General Fusion Large Scale Demo 2025 and Commercial Fusion Targets 2030

The UK Atomic Energy Authority (UKAEA) and General Fusion will build and operate its Fusion Demonstration Plant (FDP) at UKAEA’s Culham Campus. The FDP will demonstrate General Fusion’s proprietary Magnetized Target Fusion (MTF) technology. Construction starts 2022.

Liquid Metal Wall
A liquid metal wall will be inside the outer wall. It absorbs energy from the fusion reaction which can then be pumped to heat exchangers. The liquid metal also protects the solid outer wall from damage, and can be combined with liquid lithium to breed tritium within the power plant.

Compressed Gas Driver

steam powered pistons compress the plasma to fusion conditions. This avoids the need for lasers or giant magnets found which are used in other fusion approaches. Steam pistons can be practically implemented in a commercial power plant.

The key components of a Magnetized Target Fusion power plant are the plasma injectors, pistons and liquid metal vortex. Currently, General Fusion is developing and optimizing these components in parallel to accelerate construction of a demonstration power plant.

Electricity is generated from the General Fusion plant by pumping hot liquid metal through a heat exchanger to heat water, which then turns a steam turbine. General Fusion power plants will also be modular, allowing multiple units to energize large cities or heavy industry.

Nextbigfuture interviewed Christofer Mowry, CEO of General Fusion in May, 2018 at the C2 conference in Montreal. Christofer Mowry indicated that General Fusion was working to get funding and complete a 70% scale pilot plant that will prove out the viability of generating electricity from General Fusion’s magnetized target nuclear fusion. He indicated that the scale pilot could be completed around 2023.

General Fusion does not need to demonstrate fusion containment because they are a pulsed power system like a diesel engine or steampunk fusion.

The pilot system will prove three things:
1. Fusion conditions will be repeatably produced
2. There will be a kill chain from neutrons to electrons
3. Economics will be validated.

SOURCES- General Fusion
Written by Brian Wang,

39 thoughts on “General Fusion Large Scale Demo 2025 and Commercial Fusion Targets 2030”

  1. ITER is the worst thing that has ever happened to fusion. ITER ties up the very people and budgets needed for fusion power research into a 5 decade effort to prove that weak B-field Tokamaks built using 1990's tech are plain useless for power production. If ITER succeeds spectacularly with all its stated goals you've never left square one; you didn't learn what you need to know about much smaller, much stronger B-field tokamaks (which could make sense to commercialize if they work); you didn't learn much you couldn't learn much cheaper in other ways.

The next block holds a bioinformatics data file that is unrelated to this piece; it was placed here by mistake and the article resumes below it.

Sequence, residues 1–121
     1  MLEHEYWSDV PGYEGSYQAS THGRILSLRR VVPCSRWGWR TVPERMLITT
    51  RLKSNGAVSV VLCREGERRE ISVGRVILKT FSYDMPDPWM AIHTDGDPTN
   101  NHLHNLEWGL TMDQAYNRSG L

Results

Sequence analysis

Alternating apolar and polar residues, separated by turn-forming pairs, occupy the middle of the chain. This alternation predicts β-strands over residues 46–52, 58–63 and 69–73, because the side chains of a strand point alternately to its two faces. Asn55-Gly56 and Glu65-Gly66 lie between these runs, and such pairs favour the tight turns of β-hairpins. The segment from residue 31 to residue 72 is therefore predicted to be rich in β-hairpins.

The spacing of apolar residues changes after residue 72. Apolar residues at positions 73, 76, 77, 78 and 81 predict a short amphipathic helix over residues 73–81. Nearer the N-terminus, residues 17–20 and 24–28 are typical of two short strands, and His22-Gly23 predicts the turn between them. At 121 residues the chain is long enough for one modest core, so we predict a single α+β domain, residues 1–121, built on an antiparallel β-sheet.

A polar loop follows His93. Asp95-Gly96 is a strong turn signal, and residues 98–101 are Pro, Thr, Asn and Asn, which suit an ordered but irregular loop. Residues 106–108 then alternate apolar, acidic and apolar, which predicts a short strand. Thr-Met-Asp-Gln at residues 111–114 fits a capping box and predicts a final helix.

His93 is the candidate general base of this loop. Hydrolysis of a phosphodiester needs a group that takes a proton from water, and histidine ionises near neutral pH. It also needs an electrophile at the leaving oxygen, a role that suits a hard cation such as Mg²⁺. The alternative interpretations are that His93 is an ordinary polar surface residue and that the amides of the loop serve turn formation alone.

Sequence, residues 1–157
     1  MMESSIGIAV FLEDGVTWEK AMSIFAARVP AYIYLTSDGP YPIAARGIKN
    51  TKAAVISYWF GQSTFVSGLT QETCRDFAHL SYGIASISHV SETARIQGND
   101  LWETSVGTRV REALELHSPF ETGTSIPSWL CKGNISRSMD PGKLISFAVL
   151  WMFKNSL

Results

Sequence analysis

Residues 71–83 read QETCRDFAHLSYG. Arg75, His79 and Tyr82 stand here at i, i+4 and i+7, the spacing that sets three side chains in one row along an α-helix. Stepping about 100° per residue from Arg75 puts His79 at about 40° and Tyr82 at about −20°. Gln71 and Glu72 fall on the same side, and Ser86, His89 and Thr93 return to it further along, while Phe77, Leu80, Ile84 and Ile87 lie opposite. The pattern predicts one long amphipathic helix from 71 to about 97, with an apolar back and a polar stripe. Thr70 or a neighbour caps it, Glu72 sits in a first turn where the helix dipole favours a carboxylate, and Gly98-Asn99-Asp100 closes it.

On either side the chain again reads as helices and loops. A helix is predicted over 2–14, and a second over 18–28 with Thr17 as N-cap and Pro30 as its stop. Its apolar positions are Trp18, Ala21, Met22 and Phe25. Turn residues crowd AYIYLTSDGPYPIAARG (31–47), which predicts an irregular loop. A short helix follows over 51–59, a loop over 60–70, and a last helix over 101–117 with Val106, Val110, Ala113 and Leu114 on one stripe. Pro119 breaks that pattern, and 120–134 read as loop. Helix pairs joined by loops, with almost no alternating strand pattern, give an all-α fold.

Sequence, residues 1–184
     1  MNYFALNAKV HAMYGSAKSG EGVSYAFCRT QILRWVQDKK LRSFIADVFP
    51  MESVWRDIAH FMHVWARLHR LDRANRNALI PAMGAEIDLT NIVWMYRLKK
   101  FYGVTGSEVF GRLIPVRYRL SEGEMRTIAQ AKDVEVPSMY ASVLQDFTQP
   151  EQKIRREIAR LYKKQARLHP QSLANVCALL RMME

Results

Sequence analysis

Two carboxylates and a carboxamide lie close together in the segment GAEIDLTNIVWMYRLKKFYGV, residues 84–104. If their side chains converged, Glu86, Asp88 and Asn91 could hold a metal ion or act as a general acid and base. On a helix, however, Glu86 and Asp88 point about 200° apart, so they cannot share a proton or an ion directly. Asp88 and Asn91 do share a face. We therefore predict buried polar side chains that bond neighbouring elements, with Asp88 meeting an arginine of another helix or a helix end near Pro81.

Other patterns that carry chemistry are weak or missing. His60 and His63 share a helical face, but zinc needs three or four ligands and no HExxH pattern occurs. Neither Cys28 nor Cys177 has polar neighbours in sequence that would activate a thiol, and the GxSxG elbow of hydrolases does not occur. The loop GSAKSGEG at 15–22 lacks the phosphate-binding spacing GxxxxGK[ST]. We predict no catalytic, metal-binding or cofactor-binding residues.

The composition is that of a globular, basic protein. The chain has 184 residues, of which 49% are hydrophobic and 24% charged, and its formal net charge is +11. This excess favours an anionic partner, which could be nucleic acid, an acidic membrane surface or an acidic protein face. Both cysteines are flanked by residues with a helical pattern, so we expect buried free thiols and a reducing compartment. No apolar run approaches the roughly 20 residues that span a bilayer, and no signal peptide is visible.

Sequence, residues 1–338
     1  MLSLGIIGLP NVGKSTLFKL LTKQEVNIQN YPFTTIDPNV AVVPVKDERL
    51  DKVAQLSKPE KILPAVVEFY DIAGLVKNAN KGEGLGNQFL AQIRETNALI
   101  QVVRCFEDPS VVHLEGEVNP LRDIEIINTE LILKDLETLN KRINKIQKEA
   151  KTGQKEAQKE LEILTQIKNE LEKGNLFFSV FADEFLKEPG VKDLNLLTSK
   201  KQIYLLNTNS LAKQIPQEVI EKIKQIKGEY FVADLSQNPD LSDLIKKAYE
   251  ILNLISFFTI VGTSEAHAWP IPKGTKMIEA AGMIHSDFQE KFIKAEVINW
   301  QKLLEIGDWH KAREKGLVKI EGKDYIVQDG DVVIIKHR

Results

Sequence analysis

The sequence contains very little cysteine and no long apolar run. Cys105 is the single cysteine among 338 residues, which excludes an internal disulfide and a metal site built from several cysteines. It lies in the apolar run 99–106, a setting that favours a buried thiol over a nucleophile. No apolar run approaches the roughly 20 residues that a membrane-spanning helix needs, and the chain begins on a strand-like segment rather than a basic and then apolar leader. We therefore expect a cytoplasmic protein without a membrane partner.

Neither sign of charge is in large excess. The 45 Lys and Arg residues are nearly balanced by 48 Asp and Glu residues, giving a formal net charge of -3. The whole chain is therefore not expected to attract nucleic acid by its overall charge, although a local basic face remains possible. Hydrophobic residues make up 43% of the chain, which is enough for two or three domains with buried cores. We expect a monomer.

2. Usually quick and dirty in the right place at the right time wins. I'm not sure I'd call that a hare, but it's definitely not a tortoise.

  3. Since carbon dioxide addition is the reason for reduced heat transfer back to space, it might become a question what amount of heat is added from matter to energy conversion (especially if this will be used massively for society's development before closer to Type1 and towards Type2 on Kardashev scale).
    What's the amount of energy that is added within climate change for having nowadays higher average temperatures (every year)?
    (Number read was if planetary albedo is changed by 0.01, comparable to doubling carbon dioxide share in atmosphere, that would add 3.4W/m² heat transfer to Earth's surface (~1/100 of solar constant (1/4 received by Earth, ~340W/m²) -> 1730TW?). But these are assumptions ~15years old.)

  4. Just like with space, we should cheer every effort towards a better future.
    Yay ITER, Yay General Fusion, Yay Tokamac Energy, Yay TAE Technologies

  5. Typically you'd only have to worry about that if the fit between the pistons and the vessel was bad; As long as they're precision matched, and nothing gets too close to it's yield point, you should be fine.

  6. with the way things are going with getting CO2-reducing energy sources, you might lose the beach house irregardless…

  7. Did you hear the news, a decade overdue, National Ignition Facility might have achieved ignition. For real this time.

  8. If any fusion reactor can be made to work they would probably want to combine it with the molten salt heat storage of the Natrium fission reactor.

    BTW I just ran into this
    on spin aligning the fusion reactants to get them to react more readily & to get the neutrons to mostly go in one direction. This article talks about it for fusion rocket propulsion, but it sounds very helpful for getting any sort of power reactor going.

  9. Ignorant question here. How many times can those pistons hit the reactor vessel before it cracks? Would that be a real problem or is that a non-issue ?

  10. I recall that total waste heat is 22kJ/pinch which adds up quite quickly. The device can run hot so they could probably harvest 40% of that.

  11. Interestingly LPP's estimates for produced energy do not include harvesting energy from their waste heat. The waste heat isn't trivial and while it would cost money to harvest the energy it may be necessary to produce surplus electricity.